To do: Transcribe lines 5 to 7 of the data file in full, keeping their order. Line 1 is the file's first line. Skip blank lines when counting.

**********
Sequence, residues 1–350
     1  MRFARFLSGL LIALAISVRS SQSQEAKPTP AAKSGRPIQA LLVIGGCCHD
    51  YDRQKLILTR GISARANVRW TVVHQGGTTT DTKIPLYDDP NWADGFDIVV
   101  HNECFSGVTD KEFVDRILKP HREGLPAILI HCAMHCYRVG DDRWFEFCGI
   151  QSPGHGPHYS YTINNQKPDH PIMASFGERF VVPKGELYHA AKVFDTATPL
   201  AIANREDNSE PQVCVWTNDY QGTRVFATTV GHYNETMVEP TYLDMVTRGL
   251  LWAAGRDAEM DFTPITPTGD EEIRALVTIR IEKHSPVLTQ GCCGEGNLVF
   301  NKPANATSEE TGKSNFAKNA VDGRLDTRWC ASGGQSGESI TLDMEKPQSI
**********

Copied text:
   151  QSPGHGPHYS YTINNQKPDH PIMASFGERF VVPKGELYHA AKVFDTATPL
   201  AIANREDNSE PQVCVWTNDY QGTRVFATTV GHYNETMVEP TYLDMVTRGL
   251  LWAAGRDAEM DFTPITPTGD EEIRALVTIR IEKHSPVLTQ GCCGEGNLVF